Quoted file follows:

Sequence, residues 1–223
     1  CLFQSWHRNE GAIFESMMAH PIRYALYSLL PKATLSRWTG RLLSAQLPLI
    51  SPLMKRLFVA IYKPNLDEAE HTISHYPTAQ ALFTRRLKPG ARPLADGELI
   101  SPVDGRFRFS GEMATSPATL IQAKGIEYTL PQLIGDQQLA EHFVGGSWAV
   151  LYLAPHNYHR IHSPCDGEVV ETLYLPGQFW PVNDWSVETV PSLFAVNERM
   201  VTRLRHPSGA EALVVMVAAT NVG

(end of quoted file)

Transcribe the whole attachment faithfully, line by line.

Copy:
Sequence, residues 1–223
     1  CLFQSWHRNE GAIFESMMAH PIRYALYSLL PKATLSRWTG RLLSAQLPLI
    51  SPLMKRLFVA IYKPNLDEAE HTISHYPTAQ ALFTRRLKPG ARPLADGELI
   101  SPVDGRFRFS GEMATSPATL IQAKGIEYTL PQLIGDQQLA EHFVGGSWAV
   151  LYLAPHNYHR IHSPCDGEVV ETLYLPGQFW PVNDWSVETV PSLFAVNERM
   201  VTRLRHPSGA EALVVMVAAT NVG